Honey has been part of both diet and medicine for centuries. Although honey is a natural product, it’s not as healthy as many people make it out to be. Before you make honey part of your regular diet, take into consideration its good and bad sides. If you have a medical condition, talk to your doctor before making changes to your diet.
Honey contains a number of microorganisms, including a type of bacteria called Clostridium. The amounts of the bacteria are very small, and adults are able to digest this without side effects. However, young children, especially under 1 year of age, should not eat honey, because they can develop infant botulism, which is caused by Clostridium. .
Honey can help soothe a sore throat, as well as work as a cough suppressant. In fact, a 2007 study published in the “Archives of Pediatrics and Adolescent Medicine” showed that honey is more effective than the over-the-counter cough suppressant dextromethorphan to suppress cough and improve sleep.
Despite the long-held belief that honey is better than sugar, both contain the same amount of fructose and glucose. This means both have the same effect on blood sugar. People who have diabetes or suffer from glucose spike and dips should limit or completely eliminate their intake of honey, which also contains more calories per teaspoon than white sugar: 22 vs. 16. if you’re trying to lose weight, honey might not be a good choice.
Honey is a powerful antiseptic and antibacterial agent, both internally and externally. A 2001 report by the Department of Biological Sciences, University of Waikato, in New Zealand, showed that honey can be used to treat infected wounds. Honey seems to even work in wounds that don’t respond to antibiotic treatment. When applied to wounds, honey releases very small amounts of hydrogen peroxide, which reduces inflammation without burning or causing pain, like the standard 3 percent hydrogen peroxide solution might do. Internally, honey can also kill viruses and bacteria in the stomach and intestinal areas.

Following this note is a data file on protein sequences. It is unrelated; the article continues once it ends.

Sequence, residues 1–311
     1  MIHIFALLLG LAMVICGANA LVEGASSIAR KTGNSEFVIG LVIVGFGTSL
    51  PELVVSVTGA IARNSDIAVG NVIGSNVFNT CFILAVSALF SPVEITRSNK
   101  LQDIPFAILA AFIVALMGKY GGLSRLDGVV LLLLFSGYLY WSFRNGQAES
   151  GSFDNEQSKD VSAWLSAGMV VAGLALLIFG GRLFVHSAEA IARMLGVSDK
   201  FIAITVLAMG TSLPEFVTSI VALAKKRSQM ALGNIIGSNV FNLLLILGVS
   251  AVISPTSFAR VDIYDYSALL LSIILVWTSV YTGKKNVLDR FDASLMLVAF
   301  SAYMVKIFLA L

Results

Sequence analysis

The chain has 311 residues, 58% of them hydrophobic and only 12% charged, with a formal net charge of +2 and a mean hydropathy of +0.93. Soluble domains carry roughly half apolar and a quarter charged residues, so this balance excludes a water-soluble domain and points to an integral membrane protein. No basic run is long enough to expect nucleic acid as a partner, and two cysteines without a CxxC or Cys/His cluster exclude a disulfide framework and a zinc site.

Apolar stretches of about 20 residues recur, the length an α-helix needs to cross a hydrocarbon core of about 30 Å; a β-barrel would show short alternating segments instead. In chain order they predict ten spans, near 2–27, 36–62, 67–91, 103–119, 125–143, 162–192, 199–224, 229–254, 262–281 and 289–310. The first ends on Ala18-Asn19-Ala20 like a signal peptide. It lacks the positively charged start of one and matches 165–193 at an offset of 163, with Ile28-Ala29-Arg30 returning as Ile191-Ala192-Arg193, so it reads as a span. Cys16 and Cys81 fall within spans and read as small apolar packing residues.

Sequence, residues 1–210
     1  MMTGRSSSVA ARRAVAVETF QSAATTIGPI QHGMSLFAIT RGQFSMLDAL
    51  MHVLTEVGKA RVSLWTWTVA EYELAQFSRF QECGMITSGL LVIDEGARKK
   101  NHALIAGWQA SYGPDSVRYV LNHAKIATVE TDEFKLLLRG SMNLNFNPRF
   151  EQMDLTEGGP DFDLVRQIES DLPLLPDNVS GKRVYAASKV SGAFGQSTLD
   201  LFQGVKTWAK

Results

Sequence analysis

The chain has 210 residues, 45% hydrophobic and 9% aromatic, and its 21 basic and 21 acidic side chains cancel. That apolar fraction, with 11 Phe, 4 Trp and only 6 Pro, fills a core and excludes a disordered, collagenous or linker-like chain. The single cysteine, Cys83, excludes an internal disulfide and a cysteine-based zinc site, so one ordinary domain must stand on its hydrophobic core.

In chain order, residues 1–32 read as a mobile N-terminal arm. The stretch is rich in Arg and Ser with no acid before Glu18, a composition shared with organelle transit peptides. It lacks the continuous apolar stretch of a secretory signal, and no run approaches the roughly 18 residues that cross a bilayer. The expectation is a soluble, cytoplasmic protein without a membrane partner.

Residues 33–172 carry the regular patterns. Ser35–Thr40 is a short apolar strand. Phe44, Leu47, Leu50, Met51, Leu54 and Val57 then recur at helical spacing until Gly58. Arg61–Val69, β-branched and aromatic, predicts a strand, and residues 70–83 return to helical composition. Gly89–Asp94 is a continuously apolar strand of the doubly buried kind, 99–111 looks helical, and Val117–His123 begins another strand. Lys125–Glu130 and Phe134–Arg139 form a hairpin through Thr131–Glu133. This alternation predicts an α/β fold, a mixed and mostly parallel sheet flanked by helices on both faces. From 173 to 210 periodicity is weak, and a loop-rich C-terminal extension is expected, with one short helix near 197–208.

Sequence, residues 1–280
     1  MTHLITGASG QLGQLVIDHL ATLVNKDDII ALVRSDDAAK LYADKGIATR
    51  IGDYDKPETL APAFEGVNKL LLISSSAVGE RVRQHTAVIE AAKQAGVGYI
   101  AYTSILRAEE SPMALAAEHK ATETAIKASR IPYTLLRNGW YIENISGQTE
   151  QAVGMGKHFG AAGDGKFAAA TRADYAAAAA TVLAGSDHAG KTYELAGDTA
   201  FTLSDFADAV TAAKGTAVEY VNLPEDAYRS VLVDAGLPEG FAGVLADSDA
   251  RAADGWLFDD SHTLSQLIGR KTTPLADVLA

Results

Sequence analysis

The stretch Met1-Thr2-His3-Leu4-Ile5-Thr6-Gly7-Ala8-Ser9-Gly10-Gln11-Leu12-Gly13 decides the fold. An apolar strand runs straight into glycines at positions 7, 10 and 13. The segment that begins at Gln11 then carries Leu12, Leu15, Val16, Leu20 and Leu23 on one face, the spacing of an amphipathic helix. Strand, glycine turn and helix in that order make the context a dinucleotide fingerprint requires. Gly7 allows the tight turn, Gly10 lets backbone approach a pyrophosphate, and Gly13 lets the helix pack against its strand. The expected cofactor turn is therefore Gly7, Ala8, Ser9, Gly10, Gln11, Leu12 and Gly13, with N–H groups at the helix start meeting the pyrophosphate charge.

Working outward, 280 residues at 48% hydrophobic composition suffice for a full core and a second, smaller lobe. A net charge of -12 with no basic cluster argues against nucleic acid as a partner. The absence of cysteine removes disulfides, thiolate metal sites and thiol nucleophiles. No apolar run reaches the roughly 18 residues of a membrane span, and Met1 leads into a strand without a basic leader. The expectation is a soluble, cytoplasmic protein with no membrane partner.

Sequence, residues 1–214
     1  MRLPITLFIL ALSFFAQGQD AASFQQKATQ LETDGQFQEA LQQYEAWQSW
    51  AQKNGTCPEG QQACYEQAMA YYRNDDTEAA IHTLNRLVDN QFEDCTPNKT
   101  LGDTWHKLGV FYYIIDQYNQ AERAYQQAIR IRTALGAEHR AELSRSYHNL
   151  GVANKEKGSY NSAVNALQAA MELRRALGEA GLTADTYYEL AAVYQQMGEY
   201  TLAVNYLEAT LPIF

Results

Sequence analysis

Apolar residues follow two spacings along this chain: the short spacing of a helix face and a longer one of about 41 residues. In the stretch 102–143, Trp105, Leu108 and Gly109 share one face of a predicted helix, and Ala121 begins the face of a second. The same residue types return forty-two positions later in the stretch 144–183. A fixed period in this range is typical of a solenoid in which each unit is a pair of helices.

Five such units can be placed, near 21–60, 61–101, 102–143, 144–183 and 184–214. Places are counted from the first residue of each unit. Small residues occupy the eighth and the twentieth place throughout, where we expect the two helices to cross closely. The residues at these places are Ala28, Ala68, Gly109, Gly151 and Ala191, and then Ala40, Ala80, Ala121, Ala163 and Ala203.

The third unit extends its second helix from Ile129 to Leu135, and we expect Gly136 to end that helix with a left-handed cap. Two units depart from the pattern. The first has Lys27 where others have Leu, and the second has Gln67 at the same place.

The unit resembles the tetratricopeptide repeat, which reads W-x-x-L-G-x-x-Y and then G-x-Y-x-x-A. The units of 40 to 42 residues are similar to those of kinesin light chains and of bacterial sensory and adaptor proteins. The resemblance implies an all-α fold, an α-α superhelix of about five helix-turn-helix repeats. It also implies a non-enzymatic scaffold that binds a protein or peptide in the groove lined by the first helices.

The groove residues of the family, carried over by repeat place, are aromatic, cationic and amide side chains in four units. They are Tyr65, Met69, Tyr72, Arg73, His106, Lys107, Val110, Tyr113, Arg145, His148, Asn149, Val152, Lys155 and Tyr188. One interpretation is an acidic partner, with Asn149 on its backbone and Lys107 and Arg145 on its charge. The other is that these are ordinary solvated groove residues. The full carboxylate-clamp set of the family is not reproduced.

- “European Journal of Medical Research”; "Effects of Topical Honey on Post-Operative Wound Infections"; Al-Waili et al.; March 1999
- World Wide Wounds; "Honey as a Topical Antibacterial Agent for Treatment of Infected Wounds"; Peter Charles Molan; November 2001
- Columbia University’s Go Ask Alice!: Honey vs. Sugar — Which is Healthier?
- The Survival Doctor: New Details on Safest Cough Medicine
- “Archives of Pediatrics and Adolescent Medicine”; "Effect of Honey, Dextromethorphan, and No Treatment on Nocturnal Cough and Sleep Quality for Coughing Children and Their Parents"; Dr. Ian Paul et al.; December 2007
- “International Journal of Food Microbiology”; "Microorganisms in Honey"; Jill Snowdon et al.; August 1996
- Kids Health from Nemours: Can I Feed My Baby Honey?